School trips are wonderful source material for nightmares. Like childbirth, they seem much better after the event.
In Italy, for example, a bevy of young blondes always causes quite a stir and we were relieved to be based just outside Sorrento, in a tiny cove at the bottom of a cliff with only four hotels and a bar. The first night was idyllic. Sunset over the water and a lone Vespa-riding Italian.
But we had been spotted. Next day he brought a few mates. By the end of the week we were patrolling what resembled a set for a Shakespeare remake. Juliets hung from balconies while prospective Romeos blew kisses.
We learnt, horror-stricken, of an incident the previous week, when three girls went swimming. Two local lads were seen to rummage among their clothes and to unearth a video camera. One used this to film his mate dropping his trunks. Laughing heartily, they replaced the camera and left. We were thankful to have been spared the repercussions of that family film premi re.
Israel brought out mixed emotions. At least our party had not needed parents to volunteer for armed escort duty on a tour of Jerusalem, as our Israeli counterparts did. The implications of the Golan Heights were somewhat lost on those of our pupils who preferred to concentrate on the guide's mispronunciation of what he insisted on calling the "Syrian bonkers" underground.
I nearly lost a pupil once. Sarah had gone to the Mediterranean with her exchange family but was due to travel back to England with us. We were to meet her off the Paris train early, but she was not on it. The stationmaster responded to my panic with a typically Gallic shrug.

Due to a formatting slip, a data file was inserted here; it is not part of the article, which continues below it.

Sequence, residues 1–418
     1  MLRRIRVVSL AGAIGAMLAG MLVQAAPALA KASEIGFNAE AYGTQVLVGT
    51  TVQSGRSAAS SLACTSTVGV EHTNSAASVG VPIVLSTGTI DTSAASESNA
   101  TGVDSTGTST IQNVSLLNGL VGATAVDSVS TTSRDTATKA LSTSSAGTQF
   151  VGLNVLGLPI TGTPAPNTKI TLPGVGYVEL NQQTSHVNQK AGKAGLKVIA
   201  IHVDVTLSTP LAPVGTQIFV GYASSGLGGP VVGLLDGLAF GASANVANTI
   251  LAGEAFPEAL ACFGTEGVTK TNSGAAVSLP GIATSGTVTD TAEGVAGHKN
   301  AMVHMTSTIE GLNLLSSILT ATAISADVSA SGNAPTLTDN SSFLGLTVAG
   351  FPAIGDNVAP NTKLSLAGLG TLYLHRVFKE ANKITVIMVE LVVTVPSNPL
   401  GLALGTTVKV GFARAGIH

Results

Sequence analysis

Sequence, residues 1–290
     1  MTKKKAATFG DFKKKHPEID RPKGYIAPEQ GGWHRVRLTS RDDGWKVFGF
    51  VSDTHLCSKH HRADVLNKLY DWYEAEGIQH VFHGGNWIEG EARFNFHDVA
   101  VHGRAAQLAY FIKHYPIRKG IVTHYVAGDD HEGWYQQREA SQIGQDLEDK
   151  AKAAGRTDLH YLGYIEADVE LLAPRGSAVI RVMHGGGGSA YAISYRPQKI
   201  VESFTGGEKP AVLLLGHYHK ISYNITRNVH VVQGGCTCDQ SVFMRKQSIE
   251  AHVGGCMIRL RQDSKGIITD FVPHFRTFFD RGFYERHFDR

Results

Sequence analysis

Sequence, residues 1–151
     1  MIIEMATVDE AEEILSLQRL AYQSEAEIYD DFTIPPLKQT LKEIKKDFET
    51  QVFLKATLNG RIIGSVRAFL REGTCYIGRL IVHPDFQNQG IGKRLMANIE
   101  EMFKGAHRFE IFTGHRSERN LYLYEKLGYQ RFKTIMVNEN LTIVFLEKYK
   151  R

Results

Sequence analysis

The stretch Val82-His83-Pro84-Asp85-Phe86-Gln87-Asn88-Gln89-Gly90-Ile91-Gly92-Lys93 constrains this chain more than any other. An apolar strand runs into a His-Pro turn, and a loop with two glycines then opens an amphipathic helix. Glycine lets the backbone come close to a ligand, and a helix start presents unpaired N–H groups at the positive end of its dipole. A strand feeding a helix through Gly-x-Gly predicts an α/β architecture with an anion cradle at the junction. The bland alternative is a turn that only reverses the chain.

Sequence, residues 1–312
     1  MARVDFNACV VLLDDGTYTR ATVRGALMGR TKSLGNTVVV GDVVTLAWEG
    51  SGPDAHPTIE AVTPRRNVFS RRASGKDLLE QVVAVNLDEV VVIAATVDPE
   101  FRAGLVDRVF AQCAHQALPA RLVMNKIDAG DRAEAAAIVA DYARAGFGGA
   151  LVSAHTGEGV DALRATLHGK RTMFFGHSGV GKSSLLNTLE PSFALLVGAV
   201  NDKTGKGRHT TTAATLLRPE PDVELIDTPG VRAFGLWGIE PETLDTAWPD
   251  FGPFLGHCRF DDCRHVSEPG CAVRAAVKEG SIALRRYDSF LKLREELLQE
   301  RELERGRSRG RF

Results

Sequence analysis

Nine trains and 12 hours later Sarah stepped on to the platform. There had been a rail strike and on the stroke of midnight her train had slid silently into a siding, where she had spent the night.
Next day the franc was devalued, which didn't help when we had to pay medical bills because Karen had fallen off her friend's moped and broken her ankle.
What still puzzles me is why Catherine (such a shy, retiring girl) had needed to be wrenched out of a sailor's arms in the middle of a lingeringly passionate kiss on the quayside.
A final memory: a restaurateur asked a mixed group of French and English teachers to help him translate his menu into English and readily plied them with wine. We often wondered whether his sales rocketed subsequently for the tarte aux pommes flambees that we called "flaming French tart."
Joy Hall is a former head of modern languages